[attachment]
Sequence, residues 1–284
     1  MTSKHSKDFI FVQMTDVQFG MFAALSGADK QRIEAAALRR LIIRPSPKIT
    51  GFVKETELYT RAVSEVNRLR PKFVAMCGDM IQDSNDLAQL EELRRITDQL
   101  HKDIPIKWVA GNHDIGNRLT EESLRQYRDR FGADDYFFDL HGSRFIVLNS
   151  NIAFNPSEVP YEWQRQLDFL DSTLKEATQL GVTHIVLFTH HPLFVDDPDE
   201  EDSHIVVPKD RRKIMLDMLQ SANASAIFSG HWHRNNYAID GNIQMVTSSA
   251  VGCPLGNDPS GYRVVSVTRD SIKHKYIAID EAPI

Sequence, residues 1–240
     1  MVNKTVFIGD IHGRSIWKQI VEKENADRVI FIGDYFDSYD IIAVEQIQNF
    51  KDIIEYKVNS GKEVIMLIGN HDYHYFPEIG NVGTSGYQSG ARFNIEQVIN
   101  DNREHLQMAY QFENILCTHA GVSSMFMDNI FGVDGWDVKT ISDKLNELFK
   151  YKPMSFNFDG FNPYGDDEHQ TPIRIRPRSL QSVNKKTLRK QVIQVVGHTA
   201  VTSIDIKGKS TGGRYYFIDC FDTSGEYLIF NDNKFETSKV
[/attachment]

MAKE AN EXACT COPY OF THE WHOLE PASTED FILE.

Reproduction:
Sequence, residues 1–284
     1  MTSKHSKDFI FVQMTDVQFG MFAALSGADK QRIEAAALRR LIIRPSPKIT
    51  GFVKETELYT RAVSEVNRLR PKFVAMCGDM IQDSNDLAQL EELRRITDQL
   101  HKDIPIKWVA GNHDIGNRLT EESLRQYRDR FGADDYFFDL HGSRFIVLNS
   151  NIAFNPSEVP YEWQRQLDFL DSTLKEATQL GVTHIVLFTH HPLFVDDPDE
   201  EDSHIVVPKD RRKIMLDMLQ SANASAIFSG HWHRNNYAID GNIQMVTSSA
   251  VGCPLGNDPS GYRVVSVTRD SIKHKYIAID EAPI

Sequence, residues 1–240
     1  MVNKTVFIGD IHGRSIWKQI VEKENADRVI FIGDYFDSYD IIAVEQIQNF
    51  KDIIEYKVNS GKEVIMLIGN HDYHYFPEIG NVGTSGYQSG ARFNIEQVIN
   101  DNREHLQMAY QFENILCTHA GVSSMFMDNI FGVDGWDVKT ISDKLNELFK
   151  YKPMSFNFDG FNPYGDDEHQ TPIRIRPRSL QSVNKKTLRK QVIQVVGHTA
   201  VTSIDIKGKS TGGRYYFIDC FDTSGEYLIF NDNKFETSKV